The buying of large-screen TVs has absolutely skyrocketed lately. It seems that
everyone wants one – and with good reason. The large-screen TV has come a long
way from those faded-out behemoths of old that took up half your living room and
never really produced a picture of decent quality. Now, however, especially in
combination with HDTV, you can get not only a nice, large picture, but a crisp,
clean one too.
Once you decide that you’re ready for a large-screen TV, you quickly discover
that you only really have two main options – a plasma TV or an LCD TV. Plasma
TVs were first on the scene, but the recent mass production of LCD TVs by major
manufactures has put LCD TVs pretty much on equal footing with plasmas. That
said, you will still have to make a choice.
If you’re like most people, you not only have no idea how the two differ, you
don’t even know the areas you should be considering in order to determine how
they differ. But they do indeed differ, and knowing the difference is extremely
important if you’re going to get the TV that’s right for you.
You can essentially boil the differences between plasmas and LCDs into twelve
basic points. In some areas, plasmas will win out. In other areas, LCDs will win
out. In yet other areas, it will depend on your own personal taste in order to
decide who wins out.
The twelve ways plasma TVs and LCD TVs differ are the following:
1. The first is a technical issue, and may seem a little boring, but it really
does affect other areas. Plasmas TVs are made of chemical compounds called
phosphors. LCD TVs use millions of liquid crystals.
2. The next section is related to how big the TVs are and the availability of
larger sizes. You have a wider selection of larger-size TVs with plasmas (though
LCDs are catching up).
3. The next section is “small size,” which is also important. Plasmas don't come
in smaller sizes, which you will need for places like the kitchen.
4. Next is viewing angle. Plasmas tend to have a wider viewing angle (though,
again, LCDs are catching up).
5. Although the manufacturers may not like to admit it, each “can” suffer from
certain problems. Plasmas can suffer from burn-in effect; LCDs don't.
6. Another problem area, but for LCDs, is “delay.” LCDs can produce a jagged
figure when in motion. Plasmas tend to do better. HDTV improves this
dramatically for both.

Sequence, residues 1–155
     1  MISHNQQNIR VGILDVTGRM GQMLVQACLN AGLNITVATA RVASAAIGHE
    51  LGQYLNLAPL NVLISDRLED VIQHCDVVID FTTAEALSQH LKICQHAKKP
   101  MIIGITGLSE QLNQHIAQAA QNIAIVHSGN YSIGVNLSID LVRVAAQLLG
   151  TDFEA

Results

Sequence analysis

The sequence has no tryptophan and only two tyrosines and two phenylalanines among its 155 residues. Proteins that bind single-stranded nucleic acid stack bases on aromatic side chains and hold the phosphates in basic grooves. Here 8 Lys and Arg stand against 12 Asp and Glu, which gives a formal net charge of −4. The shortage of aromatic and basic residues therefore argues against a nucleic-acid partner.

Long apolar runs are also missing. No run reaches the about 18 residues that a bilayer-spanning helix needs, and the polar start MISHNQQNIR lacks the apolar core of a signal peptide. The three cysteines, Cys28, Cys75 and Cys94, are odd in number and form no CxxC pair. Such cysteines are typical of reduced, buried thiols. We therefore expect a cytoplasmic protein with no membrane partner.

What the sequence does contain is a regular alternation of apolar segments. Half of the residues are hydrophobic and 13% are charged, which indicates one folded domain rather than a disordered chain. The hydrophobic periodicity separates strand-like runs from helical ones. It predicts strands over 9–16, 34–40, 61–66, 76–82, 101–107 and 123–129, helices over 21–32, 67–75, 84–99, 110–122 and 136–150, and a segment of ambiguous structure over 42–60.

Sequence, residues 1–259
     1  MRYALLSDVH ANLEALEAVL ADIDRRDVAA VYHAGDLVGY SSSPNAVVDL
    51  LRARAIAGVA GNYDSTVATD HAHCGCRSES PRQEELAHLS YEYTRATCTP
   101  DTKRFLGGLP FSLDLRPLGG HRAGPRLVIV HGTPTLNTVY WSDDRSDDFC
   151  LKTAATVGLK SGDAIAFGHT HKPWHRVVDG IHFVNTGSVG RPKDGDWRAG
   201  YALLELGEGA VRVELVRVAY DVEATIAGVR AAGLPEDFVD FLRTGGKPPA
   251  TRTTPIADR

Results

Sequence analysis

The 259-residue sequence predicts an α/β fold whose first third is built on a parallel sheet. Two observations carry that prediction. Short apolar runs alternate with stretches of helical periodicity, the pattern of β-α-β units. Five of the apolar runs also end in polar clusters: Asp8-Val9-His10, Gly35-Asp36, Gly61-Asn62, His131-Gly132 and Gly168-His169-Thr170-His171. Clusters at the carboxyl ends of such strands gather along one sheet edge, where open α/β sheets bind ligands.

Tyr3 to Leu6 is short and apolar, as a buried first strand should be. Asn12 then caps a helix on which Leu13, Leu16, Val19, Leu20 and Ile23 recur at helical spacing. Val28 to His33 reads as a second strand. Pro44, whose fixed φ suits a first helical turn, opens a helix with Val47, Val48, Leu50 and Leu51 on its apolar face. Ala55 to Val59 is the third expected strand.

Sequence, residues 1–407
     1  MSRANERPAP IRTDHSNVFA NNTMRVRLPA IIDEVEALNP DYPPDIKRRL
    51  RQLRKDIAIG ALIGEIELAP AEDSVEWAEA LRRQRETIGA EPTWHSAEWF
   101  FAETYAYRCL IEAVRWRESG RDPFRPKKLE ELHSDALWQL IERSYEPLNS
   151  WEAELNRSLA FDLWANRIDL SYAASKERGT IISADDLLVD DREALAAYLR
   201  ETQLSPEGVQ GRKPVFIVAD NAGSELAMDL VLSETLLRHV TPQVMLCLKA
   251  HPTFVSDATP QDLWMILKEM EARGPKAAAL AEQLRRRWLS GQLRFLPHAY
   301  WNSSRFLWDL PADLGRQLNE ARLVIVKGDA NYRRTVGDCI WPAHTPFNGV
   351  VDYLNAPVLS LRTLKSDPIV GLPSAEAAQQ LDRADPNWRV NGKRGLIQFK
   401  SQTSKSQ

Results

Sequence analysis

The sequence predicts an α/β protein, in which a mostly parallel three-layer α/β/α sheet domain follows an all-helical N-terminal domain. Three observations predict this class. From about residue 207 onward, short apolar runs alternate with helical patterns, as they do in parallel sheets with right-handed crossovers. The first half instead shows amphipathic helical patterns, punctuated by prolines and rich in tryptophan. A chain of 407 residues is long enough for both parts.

7. The next area is life span. You can replace the light source with an LCD,
thereby bringing your original picture back. With plasmas you can't.
8. In the next few sections, the theme of “picture quality” is considered.
First, color: LCDs produce sharp, lively colors. Plasmas produce warmer and more
9. Next is brightness levels and the TVs ability to handle different lighting.
LCDs tend to do better in bright-light conditions.
10. Also related to picture quality is “black levels.” Plasmas tend to produce
11. Another area to consider is contrast range. Plasmas, "technically," produce
a higher contrast range.
12. Last, and certainly not least, is price. At the moment, plasmas tend to run
a little cheaper, but this is changing rapidly as LCDs flood into the market. By
the time you read this, in fact, there may be no difference at all.
Essentially, which one is right for you will all comes down to taste: What
potential negatives will you not really notice? What positives do you want more
of? What do you really want the TV for – movies, sports, news, regular TV shows?
Both plasmas and LCDs have strong advocates in their corners. Both have
deliriously happy customers. But those happy customers are only happy because
they knew what they wanted before they made their purchase. If you want to make
the right choice, you’ll have to decide what it is you want and which of the two
TVs can best give you that.
About The Author
Plasma vs. LCD TVs: To learn more about these two technologies and how your
own personal tastes and viewing habits will affect your choice, read the full
report at http://www.plasma-vs-lcd.com.
You might also be surprised to learn that plasma TVs are like peanut butter and
LCD TVs are like jelly. Yes, really. Read the report.